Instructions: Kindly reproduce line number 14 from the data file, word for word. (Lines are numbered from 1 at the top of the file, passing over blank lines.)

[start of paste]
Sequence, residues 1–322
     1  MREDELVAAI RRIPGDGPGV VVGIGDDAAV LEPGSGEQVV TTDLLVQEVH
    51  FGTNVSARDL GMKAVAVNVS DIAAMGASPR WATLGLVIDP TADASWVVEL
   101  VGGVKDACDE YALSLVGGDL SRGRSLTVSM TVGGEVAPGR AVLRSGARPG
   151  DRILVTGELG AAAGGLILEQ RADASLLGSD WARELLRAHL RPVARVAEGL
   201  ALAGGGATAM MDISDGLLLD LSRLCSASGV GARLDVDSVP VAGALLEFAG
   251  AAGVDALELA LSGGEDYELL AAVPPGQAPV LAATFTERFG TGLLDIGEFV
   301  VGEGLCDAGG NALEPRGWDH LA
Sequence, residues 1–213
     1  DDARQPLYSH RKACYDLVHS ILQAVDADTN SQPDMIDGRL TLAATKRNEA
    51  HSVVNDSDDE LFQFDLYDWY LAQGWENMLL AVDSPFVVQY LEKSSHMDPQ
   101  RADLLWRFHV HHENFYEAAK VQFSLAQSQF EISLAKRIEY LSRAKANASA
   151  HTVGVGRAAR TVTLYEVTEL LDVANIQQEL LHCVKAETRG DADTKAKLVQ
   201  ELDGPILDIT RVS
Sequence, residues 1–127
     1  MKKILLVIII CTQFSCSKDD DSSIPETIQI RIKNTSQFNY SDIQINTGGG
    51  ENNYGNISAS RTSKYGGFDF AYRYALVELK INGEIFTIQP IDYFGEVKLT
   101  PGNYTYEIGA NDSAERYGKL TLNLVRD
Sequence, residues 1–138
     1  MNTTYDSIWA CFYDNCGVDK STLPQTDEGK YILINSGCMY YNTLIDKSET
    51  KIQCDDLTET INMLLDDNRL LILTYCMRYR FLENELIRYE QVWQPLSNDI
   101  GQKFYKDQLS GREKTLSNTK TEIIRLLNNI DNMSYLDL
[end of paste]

   201  ELDGPILDIT RVS